Beef Prices Jumping Amid Seasonal Demand Push

Wholesale beef prices are in the midst of a sharp rise in value as demand kicks up for the spring grilling season.

The turn higher for the benchmark choice 600- to 900-pound carcass values came right on schedule in mid-February but may be nearing a seasonal peak.

The weekly price listed for that week shows an average of $205.84 per cwt for the product, but the daily price from the USDA’s Market News Service shows a price of $221.32 for Wednesday of this week.  Clearly, prices have continued to climb, and demand appears to be the key.




Since cattle markets often run on supply moves, it might be tempting to attribute the higher boxed beef prices to reduced slaughter, but the data do not show this to be the case.

Overall cattle slaughter through the first week of March shows a weekly kill of 587,000 head, up 6,000, or 1.03%, from 581,000 a week earlier and 44,058, or 8.11%, higher than 542,942 a year ago.  The 2011-2015 average for the week is 588,800, only 1,800, or 0.31%, higher than the latest official figure.

What’s more, the increase in slaughter over last year is coming from fed steers, AMS data show.  Steer slaughter for the week was pegged at 296,448 head, up 23,705, or 8.69%, from 272,743 a year ago and up 18,488, or 6.65%, from the five-year average of 277,960.




Beef and beef variety meat exports also are strong despite a generally stronger US dollar.  USDA data compiled by the US Meat Export Federation show January exports at 96,488 tonnes, up 14,187, or 17.2%, from 82,301 tonnes in the 2016 month.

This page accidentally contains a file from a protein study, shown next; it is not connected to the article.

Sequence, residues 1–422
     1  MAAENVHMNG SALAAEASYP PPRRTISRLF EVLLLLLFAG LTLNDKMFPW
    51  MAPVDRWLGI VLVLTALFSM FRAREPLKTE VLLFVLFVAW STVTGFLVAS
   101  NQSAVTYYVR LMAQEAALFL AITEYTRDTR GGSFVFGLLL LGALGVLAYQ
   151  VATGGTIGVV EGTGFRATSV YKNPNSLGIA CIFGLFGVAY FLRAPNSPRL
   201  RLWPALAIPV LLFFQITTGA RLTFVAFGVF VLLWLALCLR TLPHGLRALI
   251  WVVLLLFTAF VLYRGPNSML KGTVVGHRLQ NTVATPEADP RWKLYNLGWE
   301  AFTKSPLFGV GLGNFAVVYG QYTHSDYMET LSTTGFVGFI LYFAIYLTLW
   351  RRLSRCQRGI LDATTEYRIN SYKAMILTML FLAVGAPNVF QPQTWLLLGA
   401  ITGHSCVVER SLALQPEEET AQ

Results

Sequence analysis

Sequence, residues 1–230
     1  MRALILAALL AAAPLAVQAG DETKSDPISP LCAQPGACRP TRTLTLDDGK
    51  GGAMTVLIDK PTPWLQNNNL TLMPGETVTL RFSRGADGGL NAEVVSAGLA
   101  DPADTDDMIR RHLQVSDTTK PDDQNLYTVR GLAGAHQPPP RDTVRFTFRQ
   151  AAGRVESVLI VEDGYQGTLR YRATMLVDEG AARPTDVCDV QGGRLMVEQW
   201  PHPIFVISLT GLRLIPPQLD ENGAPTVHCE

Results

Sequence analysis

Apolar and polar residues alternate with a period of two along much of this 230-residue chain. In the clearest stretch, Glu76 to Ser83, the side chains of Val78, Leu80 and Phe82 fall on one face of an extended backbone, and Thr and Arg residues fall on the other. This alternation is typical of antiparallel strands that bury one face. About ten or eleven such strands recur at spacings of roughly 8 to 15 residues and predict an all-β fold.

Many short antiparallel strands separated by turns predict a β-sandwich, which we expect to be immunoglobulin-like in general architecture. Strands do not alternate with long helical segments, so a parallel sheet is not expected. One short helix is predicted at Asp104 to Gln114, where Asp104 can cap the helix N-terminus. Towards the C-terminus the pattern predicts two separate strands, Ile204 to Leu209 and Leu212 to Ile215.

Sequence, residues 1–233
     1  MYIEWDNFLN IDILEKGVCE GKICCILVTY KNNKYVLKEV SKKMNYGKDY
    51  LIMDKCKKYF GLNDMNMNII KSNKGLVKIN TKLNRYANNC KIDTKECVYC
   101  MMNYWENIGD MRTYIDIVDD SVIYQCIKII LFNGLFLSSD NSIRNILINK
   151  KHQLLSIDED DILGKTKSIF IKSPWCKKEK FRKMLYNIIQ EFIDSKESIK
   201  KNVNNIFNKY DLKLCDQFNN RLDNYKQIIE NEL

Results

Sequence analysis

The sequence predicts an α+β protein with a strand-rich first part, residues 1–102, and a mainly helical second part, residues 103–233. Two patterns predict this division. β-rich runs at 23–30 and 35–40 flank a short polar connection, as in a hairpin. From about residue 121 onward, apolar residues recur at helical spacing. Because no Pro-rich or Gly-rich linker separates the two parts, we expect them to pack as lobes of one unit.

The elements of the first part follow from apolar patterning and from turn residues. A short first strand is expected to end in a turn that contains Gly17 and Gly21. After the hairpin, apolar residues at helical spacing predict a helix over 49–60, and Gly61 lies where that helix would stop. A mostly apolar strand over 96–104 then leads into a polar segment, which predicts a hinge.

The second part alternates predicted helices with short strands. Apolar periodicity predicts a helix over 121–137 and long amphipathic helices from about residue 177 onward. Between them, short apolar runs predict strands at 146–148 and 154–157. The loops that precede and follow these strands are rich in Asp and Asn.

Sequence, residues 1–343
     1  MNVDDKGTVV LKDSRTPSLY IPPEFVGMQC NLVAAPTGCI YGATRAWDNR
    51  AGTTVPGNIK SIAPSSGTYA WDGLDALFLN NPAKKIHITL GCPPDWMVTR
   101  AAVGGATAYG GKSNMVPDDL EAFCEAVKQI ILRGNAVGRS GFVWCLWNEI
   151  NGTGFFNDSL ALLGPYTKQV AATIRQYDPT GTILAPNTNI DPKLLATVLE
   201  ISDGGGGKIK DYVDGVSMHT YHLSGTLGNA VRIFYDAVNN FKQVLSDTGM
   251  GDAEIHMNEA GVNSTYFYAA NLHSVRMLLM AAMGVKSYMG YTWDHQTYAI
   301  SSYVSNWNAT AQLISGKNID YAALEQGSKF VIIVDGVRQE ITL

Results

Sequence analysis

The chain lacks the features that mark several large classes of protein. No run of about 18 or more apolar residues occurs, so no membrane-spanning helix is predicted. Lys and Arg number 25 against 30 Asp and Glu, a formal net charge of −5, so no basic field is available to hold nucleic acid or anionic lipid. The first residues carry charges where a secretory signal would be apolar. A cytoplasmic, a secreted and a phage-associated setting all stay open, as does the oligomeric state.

The value of those exports was listed at $515,478, up 77,386, or 17.7%, from $438,092 a year earlier.

Japan, Mexico and South Korea remained the largest US export markets.

The US Dollar Index, a comparison of the dollar against a basket of other world currencies, was off Wednesday and Thursday, possibly a “buy the rumor, sell the fact” reaction to the Federal Open Market Committee’s move to raise short-term interest rates by 0.25 point Wednesday.  However, starting in October, the Jun Index began to rise, peaking at 103.75 on Jan. 3.

Since then, the Jun Index has declined to a Feb. 2 low of 99.15 only to rebound again to a Mar. 3 peak of 102.19 and decline a bit again this week.

That US dollar strength should have trimmed beef exports along with nearly every US product, but it didn’t.

The USDA Tuesday also predicted higher US consumption of beef this year, a prediction that may have as much to do with supply as demand, but consumers appear to have discovered choice beef and are willing to pay for it.




Cash cattle this week traded in the Plains in a range from $125 to $131.50 per cwt, mostly $127 to $130, up $3 to $5 from last week.  Dressed-basis trading was mostly at $210, up $8 to $10.

Average fed cattle exchange auction prices Wednesday were $4.63 per cwt higher at $128.31, versus $123.68 a week earlier.

The USDA’s choice cutout Thursday was up $1.04 per cwt at $222.36, while select was up $0.73 at $213.87.  The choice/select spread widened to $8.49 from $8.18 with 72 loads of fabricated product sold into the spot market.

The CME Feeder Cattle Index for the seven days ended Wednesday was $128.22 per cwt, up $0.61.  This compares with Thursday’s Mar settlement of $130.55, up $1.32.